The latest report from the Stanford Institute for Economic Policy Research has revealed that the public pension debt for the 50 states and the District of Columbia jumped 84 percent in recent years, from $2.625 trillion in 2008 to $4.833 trillion in 2014.
Joe Nation, Ph.D. leads a distinguished group of Stanford University faculty, including Nobel Prize winner William F. Sharpe, who compile and analyze the actuarial, budgetary, demographic, and other financial data necessary to calculate U.S. public pension plan liabilities.
The SIEPR “Pension Tracker” site is especially illuminating, because the researchers calculate pension liabilities on a “market basis,” to understand how many dollars taxpayers need to invest in 20-year Treasury bonds at a fixed rate today to have enough money to pay their pension debt, and on an “actuarial basis,” at a much higher estimated investment return, to pay off employee pension obligations in the future.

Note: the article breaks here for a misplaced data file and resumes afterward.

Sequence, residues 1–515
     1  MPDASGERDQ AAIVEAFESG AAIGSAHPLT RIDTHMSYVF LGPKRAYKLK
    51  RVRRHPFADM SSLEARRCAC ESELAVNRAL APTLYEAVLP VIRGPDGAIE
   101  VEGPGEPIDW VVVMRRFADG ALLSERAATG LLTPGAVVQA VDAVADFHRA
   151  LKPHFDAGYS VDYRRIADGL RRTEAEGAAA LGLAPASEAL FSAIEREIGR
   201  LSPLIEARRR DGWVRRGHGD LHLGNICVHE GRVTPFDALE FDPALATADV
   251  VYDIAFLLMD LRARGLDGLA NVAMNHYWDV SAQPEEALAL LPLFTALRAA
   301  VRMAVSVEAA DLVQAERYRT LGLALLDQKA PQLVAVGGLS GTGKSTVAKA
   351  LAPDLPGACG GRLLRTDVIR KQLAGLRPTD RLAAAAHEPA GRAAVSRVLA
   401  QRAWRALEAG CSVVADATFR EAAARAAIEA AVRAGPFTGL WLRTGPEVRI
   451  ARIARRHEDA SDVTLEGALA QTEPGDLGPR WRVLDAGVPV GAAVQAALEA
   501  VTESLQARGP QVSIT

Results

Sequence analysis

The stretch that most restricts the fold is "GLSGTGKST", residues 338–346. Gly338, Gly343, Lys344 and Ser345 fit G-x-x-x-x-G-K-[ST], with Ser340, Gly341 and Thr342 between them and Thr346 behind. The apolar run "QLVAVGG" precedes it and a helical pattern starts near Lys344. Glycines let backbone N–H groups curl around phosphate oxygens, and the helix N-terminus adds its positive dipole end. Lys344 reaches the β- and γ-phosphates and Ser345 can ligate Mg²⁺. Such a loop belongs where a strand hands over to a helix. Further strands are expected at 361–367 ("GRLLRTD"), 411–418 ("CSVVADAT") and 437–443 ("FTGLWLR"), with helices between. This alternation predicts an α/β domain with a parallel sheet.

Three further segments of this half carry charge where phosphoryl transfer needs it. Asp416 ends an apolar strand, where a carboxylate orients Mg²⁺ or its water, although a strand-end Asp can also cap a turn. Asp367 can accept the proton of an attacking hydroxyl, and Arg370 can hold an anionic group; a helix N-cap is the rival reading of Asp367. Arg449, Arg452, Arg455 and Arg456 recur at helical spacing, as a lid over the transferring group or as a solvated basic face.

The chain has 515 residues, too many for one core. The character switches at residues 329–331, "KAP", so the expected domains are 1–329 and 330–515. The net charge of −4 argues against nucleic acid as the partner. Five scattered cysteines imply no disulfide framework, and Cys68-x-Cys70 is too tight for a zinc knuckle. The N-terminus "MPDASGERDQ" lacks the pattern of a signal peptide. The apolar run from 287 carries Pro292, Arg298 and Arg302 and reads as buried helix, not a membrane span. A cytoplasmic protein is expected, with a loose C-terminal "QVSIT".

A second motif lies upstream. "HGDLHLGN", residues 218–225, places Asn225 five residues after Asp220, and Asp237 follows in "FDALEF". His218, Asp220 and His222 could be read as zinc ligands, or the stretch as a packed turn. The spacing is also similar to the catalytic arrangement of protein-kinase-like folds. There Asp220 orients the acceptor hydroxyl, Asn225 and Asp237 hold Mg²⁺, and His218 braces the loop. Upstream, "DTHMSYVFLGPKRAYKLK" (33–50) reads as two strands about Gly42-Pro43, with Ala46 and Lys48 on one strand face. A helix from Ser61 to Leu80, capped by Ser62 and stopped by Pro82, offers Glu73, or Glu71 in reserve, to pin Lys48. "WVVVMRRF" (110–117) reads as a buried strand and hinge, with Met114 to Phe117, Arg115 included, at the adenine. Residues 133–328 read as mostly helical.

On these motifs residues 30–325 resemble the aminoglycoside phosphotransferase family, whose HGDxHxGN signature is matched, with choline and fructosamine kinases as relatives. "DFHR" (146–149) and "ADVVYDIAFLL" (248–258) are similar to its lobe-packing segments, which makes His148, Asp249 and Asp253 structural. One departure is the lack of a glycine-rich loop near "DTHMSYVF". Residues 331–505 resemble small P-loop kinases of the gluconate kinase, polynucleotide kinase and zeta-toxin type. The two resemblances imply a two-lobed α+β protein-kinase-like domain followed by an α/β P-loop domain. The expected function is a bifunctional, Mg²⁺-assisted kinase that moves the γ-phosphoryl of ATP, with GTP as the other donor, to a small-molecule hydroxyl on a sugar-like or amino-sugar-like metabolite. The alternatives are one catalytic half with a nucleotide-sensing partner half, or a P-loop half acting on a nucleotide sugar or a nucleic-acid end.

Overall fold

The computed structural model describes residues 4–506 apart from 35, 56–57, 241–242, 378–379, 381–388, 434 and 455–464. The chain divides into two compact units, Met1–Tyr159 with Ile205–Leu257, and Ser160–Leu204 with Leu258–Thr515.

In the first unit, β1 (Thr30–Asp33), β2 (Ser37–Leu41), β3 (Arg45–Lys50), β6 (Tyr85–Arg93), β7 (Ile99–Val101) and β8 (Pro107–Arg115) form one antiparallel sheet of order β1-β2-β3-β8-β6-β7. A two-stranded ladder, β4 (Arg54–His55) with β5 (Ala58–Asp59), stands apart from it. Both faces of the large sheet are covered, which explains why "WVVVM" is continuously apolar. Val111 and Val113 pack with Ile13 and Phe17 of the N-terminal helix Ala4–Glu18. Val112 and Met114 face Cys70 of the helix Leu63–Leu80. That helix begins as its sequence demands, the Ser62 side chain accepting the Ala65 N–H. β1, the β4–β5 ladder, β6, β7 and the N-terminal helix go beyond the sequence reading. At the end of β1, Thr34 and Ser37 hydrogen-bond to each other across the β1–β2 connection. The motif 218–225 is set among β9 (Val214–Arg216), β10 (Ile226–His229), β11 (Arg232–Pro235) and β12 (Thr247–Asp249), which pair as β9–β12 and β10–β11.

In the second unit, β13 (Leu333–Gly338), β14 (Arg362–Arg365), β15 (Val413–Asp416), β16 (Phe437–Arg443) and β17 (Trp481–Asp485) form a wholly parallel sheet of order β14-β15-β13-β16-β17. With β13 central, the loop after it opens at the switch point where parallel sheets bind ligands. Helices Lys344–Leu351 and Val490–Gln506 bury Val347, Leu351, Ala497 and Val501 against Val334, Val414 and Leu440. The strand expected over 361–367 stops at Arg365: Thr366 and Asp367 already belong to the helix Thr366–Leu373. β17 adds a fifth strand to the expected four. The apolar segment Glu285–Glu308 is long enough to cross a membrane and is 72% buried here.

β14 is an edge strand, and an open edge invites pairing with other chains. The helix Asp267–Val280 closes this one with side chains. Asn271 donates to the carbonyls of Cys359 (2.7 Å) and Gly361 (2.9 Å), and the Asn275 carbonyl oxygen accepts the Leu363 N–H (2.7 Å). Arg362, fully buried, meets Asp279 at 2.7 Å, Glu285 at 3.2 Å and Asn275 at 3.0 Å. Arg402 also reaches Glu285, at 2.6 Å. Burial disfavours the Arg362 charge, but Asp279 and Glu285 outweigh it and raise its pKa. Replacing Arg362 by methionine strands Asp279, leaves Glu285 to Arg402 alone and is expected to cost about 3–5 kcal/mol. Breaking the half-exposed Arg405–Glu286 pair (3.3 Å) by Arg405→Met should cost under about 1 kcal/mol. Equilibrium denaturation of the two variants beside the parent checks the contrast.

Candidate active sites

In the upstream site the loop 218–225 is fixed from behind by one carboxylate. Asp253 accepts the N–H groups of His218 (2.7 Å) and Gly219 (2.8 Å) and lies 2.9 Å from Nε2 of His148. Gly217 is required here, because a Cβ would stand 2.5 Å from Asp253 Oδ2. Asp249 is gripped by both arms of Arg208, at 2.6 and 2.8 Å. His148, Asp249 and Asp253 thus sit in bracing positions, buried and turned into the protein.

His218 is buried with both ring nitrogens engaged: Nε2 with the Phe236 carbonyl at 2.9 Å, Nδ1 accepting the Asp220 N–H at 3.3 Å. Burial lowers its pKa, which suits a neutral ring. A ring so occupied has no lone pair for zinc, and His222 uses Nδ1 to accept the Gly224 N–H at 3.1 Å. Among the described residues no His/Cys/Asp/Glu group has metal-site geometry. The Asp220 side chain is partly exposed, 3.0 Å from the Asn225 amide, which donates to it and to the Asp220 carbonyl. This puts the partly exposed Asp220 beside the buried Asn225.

Pension Tracker estimates the total public pension debt on a “market basis,” where all monies are invested in safe 20-year maturity Treasury bonds offering a constant yield of 2.18 percent, at about $41,219 per household, or about $15,037 per person.
Pension Tracker estimates that the total public pension debt on an “actuarial basis,” with an estimated variable future investment return, is $8,872 per household and $3,231 per person.
Pension Tracker also finds a disproportionate impact on the “average” pension debt calculations due to the extraordinarily large impact of the “market based” pension debt per household for three states — Alaska, Illinois and California:
According to SIEPR, “The highest pension debt/household is in Alaska, with an estimated $113,137 figure; Illinois and California are in the second and third highest rankings at more than $77,000 per household.” The lowest state pension debt per household is in Tennessee at $17,761.
Illinois has the lowest “market funded ratio” (value of pension assets divided by market liability), at 23.3 percent. The other 49 U.S. states and Washington, D.C. have a market funded ratio that is almost twice as high, at 41.4 percent.
Despite over $8 trillion in federal deficit spending flowing to the states in the 6 years from 2008 to 2014, the Stanford Institute for Economic Policy Research report demonstrates that due to increasingly underfunded public employee pensions, the financial solvency for most states has declined substantially during the period.